Discoveries from the Vault children's exhibition
This article collects the children's exhibition material featured in The Curatorial Eye: Discoveries from the Folger Vault, one of the Exhibitions at the Folger.
The Curatorial Eye: Discoveries from the Folger Vault features some of the library staff members' favorite items. Many of these items have rarely – or never – been shown to the public! To learn more about these treasures, read on!
The Folger Shakespeare Library has over 50,000 drawings, paintings, photographs, and other works of art in its collection. In a collection this large, there can be surprising finds. A series of drawings by the famous artist Henry Fuseli was recently rediscovered in the Folger vaults. Henry Fuseli (1741–1825) was born in Switzerland but spent most of his life working in England. He was a very famous and influential artist who also taught many younger artists. Fuseli enjoyed Shakespeare's plays and often used characters and scenes from Shakespeare as inspiration for his art as he liked to create dramatic, emotional scenes.
These three drawings were believed to be lost, but now, they are on display where visitors to the Folger can see them.
The third drawing was once thought to show chracters from King Lear, and the drawing's title, Conceptual representation of King Lear, shows this. However, we now believe Fuseli's sketch is of three different people from three different scenes.
Look at the third sketch again.
- Can you tell who the three people are?
- Are they male or female? Young or old?
- What are they doing?
"How To" Books
Books have always been important ways for people to share information or to learn something new. In Shakespeare's time (1564–1616) and for several centuries afterwards, London was one of the biggest producers of books in Europe. People were excited about reading books on many different topics, from history to cooking to learning how to make fireworks!
Look at this large picture.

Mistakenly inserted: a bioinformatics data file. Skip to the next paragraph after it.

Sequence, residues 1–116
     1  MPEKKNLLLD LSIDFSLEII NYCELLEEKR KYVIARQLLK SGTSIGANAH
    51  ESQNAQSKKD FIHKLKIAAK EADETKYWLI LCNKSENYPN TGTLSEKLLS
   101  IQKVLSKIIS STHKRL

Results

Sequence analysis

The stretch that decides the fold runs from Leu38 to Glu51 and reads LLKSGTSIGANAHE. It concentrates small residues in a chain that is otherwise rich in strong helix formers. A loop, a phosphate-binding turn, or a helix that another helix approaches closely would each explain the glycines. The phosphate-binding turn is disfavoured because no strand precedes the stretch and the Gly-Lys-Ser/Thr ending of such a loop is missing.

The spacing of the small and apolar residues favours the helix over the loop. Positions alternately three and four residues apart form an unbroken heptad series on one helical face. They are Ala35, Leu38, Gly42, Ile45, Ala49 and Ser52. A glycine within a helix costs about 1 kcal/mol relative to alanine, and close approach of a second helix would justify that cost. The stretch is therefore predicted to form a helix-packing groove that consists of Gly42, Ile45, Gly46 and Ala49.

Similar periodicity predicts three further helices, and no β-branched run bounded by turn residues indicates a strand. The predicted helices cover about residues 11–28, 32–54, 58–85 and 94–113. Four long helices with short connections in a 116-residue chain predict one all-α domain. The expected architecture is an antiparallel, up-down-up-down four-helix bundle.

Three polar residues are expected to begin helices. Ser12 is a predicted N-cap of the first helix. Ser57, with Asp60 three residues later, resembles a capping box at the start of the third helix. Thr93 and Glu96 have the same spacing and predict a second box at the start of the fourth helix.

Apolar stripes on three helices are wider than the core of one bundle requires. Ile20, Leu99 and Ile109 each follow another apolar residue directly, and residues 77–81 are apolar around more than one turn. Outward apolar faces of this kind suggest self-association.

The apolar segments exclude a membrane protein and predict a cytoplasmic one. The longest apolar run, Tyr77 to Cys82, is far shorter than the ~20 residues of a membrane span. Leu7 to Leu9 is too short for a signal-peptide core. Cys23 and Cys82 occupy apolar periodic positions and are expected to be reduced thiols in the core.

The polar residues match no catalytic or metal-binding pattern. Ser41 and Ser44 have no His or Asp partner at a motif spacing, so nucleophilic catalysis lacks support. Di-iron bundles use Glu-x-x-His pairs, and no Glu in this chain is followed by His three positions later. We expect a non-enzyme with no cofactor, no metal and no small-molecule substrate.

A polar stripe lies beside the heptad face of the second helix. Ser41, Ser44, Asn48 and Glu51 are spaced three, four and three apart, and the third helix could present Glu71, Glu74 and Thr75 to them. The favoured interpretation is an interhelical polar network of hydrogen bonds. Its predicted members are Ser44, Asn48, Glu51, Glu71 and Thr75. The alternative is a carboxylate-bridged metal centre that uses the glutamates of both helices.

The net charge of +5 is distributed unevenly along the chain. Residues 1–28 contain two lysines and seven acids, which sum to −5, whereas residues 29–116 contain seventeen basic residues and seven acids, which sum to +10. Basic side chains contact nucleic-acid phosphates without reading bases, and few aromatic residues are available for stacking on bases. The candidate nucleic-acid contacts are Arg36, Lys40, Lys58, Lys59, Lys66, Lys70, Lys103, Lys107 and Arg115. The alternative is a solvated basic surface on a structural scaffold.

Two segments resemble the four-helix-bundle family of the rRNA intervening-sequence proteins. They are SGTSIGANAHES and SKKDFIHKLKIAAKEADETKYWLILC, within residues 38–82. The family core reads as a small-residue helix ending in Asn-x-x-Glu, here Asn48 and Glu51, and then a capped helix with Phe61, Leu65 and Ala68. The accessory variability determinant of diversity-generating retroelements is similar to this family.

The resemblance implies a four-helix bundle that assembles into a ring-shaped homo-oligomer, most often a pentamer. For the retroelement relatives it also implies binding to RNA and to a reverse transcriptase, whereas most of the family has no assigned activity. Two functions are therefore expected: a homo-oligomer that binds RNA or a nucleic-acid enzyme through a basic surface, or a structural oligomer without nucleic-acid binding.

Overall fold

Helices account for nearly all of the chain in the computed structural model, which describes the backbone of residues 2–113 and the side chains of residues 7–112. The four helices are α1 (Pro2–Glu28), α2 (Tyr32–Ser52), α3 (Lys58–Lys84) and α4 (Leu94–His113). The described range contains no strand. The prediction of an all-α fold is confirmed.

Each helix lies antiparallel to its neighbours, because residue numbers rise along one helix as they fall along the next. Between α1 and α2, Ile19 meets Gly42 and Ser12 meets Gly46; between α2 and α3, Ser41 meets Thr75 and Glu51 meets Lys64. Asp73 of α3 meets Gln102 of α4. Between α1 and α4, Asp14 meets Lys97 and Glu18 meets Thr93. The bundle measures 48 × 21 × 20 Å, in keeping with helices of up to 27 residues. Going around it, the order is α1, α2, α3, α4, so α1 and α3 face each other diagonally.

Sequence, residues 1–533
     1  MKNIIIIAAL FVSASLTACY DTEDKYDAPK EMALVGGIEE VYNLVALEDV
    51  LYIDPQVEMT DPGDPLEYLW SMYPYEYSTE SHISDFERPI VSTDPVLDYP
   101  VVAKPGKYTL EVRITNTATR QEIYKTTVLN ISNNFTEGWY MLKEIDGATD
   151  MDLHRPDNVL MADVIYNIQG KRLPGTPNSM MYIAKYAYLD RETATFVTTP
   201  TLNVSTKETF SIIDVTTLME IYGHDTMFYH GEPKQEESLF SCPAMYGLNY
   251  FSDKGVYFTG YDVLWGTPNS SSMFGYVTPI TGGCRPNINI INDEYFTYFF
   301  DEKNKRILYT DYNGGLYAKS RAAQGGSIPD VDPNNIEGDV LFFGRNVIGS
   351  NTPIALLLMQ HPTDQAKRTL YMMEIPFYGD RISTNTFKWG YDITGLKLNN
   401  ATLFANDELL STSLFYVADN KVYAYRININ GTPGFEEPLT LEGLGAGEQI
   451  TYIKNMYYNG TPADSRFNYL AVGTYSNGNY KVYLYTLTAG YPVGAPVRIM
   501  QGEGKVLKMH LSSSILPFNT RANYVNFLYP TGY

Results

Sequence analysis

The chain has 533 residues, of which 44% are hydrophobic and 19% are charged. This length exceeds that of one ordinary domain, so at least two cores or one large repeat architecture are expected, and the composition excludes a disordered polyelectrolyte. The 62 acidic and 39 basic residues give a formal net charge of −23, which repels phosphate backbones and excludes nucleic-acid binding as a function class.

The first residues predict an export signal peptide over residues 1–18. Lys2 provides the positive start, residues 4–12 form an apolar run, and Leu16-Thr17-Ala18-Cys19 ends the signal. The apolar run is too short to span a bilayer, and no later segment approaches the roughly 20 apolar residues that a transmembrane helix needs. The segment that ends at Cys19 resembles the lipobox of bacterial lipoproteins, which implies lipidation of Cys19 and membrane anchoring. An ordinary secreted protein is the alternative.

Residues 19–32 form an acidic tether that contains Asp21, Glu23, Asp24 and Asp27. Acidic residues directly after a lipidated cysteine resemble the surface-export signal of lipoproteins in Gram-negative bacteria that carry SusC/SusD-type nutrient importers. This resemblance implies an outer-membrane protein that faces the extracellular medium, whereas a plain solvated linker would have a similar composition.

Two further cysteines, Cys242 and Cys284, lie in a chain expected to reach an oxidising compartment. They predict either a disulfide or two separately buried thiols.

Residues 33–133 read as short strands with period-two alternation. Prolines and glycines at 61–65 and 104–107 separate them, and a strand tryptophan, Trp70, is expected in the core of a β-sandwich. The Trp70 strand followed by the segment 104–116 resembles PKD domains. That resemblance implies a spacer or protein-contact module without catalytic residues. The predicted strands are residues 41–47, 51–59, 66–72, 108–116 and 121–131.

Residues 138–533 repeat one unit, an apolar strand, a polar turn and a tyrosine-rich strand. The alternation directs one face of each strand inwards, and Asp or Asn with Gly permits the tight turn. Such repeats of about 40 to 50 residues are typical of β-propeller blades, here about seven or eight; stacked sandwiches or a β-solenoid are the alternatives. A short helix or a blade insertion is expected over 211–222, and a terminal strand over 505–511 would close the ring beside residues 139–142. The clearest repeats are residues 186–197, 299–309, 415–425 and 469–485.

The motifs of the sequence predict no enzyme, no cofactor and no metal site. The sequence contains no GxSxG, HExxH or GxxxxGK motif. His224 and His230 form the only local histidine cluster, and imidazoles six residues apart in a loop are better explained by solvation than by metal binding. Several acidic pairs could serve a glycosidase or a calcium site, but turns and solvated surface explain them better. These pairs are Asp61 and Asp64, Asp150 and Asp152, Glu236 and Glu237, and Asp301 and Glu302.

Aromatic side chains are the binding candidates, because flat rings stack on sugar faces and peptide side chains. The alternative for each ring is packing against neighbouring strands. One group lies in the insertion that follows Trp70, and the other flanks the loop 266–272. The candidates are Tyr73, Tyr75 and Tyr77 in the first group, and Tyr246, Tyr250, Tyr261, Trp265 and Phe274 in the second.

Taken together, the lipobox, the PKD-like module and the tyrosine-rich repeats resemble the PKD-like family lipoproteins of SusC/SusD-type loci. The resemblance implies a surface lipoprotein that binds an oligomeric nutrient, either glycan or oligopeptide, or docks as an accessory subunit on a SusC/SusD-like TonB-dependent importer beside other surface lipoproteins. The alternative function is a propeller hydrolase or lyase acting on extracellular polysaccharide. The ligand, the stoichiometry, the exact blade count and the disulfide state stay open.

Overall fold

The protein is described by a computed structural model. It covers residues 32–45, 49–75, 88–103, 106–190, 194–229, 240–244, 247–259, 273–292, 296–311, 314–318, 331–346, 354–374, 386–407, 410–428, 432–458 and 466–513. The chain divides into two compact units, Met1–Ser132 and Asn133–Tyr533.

- Does it look like anything you might see today? Hint: These vehicles are usually red and have loud sirens.
The author of this book, A treatise named Lucarsolace, was a man named Cyprian Lucar. He wrote about many different topics, including weapons and surveying. In this particular book, he calls this machine a "squirt" and tells readers that it can "be made to squirt out his water with great violence upon the fire that is to be quenched.”
Did you know? Fire engines were used against the Great Fire of London in 1666. However, they did not work very well. They had water spouts but no hoses, so that the water could not shoot very far. The crowded streets, high flames, and difficulty getting to water also caused problems.
In addition to seeing plays in a theater, children in the 19th century might also have toy theaters where they could act out their favorite scenes. The toy theaters included paper cutouts of characters that could be moved around the stage.
Even before movies were invented, some actors and actresses became quite famous. Instead of having action figures modeled after them, printed portraits of these celebrities were sold to fans, which included adults and children. The portraits usually showed the actor or actress in the costume they wore on stage. Some portraits were sold "plain" or uncolored, so that fans could decorate them at home. In addition to coloring the portraits in, sometimes the owner might add real pieces of fabric, leather, and other materials to recreate the texture of the costume!
Famous actors and actresses in the 19th century included:
- Fanny Kemble. Kemble's family was well known on the stage, and her father and younger sister were both performers. Fanny Kemble attracted fans in England and America. In fact, she married an American plantation owner and became active in the antislavery movement.
- Edmund Kean. Although his childhood and teenage years were difficult, Kean eventually found success as an actor. His portrayals of tragic characters such as King Lear, Richard III, Othello, and Macbeth made him famous. He visited America and Canada as well, and was even adopted into the Huron tribe and made an honorary chief.
- Sarah Bernhard. Nicknamed "the Divine Sarah," this actress was famous for her beauty and for playing male roles, especially Hamlet. She published several books in her lifetime and also painted and sculpted.
- Henry Irving. Irving loved Shakespeare, but often cut down longer plays in an attempt to make them more popular. He was known for his dramatic, emotional acting and was a lifelong friend of the Irish novelist Bram Stoker, who wrote Dracula.
One of the treasures in the Folger collection is a handwritten book of magic spells that is over 400 years old. The book is written in English, but also includes magical terms like "abracadabra" and drawings of angels, demons, dragons, and other supernatural creatures.
This book was used by many people over many, many years. Owners added their own notes into the margins, and one person even wrote in page numbers.
Although people in the Middle Ages and even during Shakespeare's time used magic for lots of different reasons, including healing sick people, helping to find lost objects, or finding the guilty person when a crime was committed, magic was often done in secret.
Did you know? Books on magic, especially those from the Middle Ages, are referred to as grimoires. The word grimoire comes from the Old French word grammaire, meaning related to letters. "Grammaire" actually has a Greek root, from the word graphein, "to write."